QUESTION: Would you say it’s in an advanced stage, or --
MS. HARF: I wouldn’t even want to speculate on that.
QUESTION: Change topic?
MS. HARF: Yes.
MS. HARF: Yes.
QUESTION: The departing UN envoy, Martin Kobler, made a very sobering statement – that Iraq is sliding fast toward a civil war, and furthermore that the Iraq and Syria wars are merging together with combatants on both sides along sectarian lines taken. Do you have a comment on that?
MS. HARF: Well, we remain deeply concerned about the rise of violent extremism and how it further endangers the future of Iraq and all of Syria’s neighbors. We’ve spoken to that many times. The Government of Iraq has itself also expressed its deep concern about the level of violence in Syria and violent extremist elements who might seek to capitalize on the situation in Syria to foment violence in Iraq. So we would also like to make the point that the vast majorities of Iraqis – of the Iraqi people continue to reject this violence, that we are encouraged that many political and religious leaders have taken a strong stance against this violence, and that we have continued to explore ways to address these ongoing security issues going forward.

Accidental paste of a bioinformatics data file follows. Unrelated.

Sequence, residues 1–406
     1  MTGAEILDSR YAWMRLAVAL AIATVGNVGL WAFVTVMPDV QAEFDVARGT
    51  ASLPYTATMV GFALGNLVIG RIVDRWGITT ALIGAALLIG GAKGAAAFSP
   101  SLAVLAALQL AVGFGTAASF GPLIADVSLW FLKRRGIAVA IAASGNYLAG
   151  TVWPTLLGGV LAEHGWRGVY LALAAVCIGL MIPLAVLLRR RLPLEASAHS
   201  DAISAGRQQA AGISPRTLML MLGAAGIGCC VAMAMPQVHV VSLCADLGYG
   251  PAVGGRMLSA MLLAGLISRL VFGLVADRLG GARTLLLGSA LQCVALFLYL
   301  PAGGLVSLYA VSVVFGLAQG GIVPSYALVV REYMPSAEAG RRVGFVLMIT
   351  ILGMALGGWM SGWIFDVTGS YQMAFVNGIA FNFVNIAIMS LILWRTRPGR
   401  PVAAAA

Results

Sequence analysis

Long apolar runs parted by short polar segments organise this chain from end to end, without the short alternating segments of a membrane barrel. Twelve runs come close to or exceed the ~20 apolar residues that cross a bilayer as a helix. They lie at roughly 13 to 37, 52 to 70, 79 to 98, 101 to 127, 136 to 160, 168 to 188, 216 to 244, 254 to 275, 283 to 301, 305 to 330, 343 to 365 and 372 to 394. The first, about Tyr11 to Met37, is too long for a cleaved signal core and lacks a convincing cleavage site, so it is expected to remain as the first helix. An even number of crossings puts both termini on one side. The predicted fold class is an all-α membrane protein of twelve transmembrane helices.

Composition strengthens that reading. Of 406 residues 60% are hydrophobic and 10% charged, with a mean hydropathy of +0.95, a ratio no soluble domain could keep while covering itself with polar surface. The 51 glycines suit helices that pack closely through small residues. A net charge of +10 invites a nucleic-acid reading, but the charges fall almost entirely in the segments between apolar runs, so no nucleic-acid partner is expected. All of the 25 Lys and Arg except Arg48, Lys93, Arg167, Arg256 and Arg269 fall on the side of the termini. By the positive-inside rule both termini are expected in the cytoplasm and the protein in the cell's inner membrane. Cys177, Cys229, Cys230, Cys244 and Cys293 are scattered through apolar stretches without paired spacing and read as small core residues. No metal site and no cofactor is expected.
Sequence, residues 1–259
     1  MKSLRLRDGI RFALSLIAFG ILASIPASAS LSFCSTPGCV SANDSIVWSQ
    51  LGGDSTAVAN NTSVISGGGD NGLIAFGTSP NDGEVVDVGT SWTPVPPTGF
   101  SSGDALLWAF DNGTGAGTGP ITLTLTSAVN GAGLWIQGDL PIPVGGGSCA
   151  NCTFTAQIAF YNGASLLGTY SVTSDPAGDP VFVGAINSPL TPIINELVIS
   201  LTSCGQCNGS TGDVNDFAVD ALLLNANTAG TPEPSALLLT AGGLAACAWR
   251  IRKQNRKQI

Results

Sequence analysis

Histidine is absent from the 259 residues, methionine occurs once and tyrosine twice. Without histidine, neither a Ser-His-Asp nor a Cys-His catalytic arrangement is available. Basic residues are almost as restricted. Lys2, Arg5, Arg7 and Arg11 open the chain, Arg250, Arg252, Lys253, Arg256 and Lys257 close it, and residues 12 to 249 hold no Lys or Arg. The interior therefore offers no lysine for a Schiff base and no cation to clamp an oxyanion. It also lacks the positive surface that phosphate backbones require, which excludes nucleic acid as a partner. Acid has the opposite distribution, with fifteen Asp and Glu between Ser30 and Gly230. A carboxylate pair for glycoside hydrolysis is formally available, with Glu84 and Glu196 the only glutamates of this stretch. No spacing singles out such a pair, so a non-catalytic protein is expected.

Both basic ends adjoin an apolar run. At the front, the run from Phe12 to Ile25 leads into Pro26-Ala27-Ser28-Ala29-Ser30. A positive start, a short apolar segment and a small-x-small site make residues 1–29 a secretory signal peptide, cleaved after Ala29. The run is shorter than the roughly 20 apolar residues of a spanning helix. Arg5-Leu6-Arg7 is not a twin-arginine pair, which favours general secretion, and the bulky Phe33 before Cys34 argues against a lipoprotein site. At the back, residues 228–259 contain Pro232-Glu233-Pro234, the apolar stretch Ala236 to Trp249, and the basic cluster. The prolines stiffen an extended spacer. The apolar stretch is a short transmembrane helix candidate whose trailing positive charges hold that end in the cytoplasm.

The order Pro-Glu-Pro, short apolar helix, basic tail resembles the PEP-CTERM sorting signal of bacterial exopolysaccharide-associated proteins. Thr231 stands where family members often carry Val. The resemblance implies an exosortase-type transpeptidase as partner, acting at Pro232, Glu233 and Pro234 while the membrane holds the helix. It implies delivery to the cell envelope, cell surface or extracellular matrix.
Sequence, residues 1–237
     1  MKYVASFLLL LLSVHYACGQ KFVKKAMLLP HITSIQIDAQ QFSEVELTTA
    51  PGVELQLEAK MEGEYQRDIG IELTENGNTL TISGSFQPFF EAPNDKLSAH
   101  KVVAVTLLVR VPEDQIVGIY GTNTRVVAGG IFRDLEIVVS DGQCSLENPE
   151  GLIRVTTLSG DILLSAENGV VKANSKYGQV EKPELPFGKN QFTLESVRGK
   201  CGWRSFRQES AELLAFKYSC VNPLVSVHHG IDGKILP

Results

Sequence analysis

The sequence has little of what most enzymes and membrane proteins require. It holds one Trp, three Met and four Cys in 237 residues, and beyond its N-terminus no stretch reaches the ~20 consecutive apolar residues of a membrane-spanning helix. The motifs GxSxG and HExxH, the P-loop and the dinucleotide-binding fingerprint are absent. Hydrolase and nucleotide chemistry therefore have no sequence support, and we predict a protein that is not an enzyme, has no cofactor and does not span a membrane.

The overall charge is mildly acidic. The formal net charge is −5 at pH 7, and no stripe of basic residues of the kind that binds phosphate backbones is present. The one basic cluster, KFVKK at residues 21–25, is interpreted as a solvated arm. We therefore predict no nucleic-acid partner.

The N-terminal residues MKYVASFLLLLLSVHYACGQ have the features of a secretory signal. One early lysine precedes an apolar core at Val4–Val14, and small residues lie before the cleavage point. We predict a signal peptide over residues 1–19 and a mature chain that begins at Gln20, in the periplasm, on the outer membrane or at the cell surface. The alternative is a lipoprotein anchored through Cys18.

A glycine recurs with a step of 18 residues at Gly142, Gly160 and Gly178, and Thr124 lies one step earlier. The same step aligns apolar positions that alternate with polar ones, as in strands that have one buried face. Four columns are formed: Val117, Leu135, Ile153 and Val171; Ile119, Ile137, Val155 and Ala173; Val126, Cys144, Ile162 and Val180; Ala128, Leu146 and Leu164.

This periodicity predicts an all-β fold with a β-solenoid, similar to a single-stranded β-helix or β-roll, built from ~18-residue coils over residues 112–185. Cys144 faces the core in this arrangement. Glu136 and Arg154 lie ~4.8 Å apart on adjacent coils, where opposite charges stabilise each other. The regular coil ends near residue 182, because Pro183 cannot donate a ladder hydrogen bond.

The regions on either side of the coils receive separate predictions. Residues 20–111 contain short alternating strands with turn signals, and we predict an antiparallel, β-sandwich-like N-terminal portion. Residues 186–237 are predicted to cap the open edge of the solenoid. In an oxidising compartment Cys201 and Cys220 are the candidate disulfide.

Next topic? I answered everyone’s questions?
MS. HARF: Yes, of course.
QUESTION: Let me try Mali. The – both sides – the opposition – the main parties have said that they will accept the result of the upcoming election. Is that encouraging to the U.S.? Is there any specific way that you think that the elections are going that you wouldn’t be satisfied with, or --
MS. HARF: Well, we’ve made clear the democratic elections are the critical first step in Mali’s return to constitutional order and to establishing a government with the necessary legitimacy to pursue longer-term political and development priorities. The interim government has stated with confidence that the elections will take place on July 28th. We continue to support this timeline and encourage the authorities to make all necessary preparations to ensure that the elections are credible, inclusive, and free.
MS. HARF: Okay.
QUESTION: Quick one. News reports allege that Mr. Snowden’s getting very close to getting asylum in Russia. Do you have any comment on that?
MS. HARF: Our position on Mr. Snowden has not changed --
MS. HARF: -- that he is a wanted felon of the United States, that he needs to be returned as quickly as possible. I don’t have any updates for you on any of those reports.
QUESTION: Have the Russians told you that they are getting close to granting him asylum?
MS. HARF: I don’t have anything for you on that. We continue to discuss with the Russian authorities our concerns about Mr. Snowden. We continue to say that he needs to be returned to the United States.
QUESTION: Thank you. Okay.
MS. HARF: Anything else? Thank you, guys. See everyone tomorrow.
(The briefing was concluded at 1:38 p.m.)
DPB # 120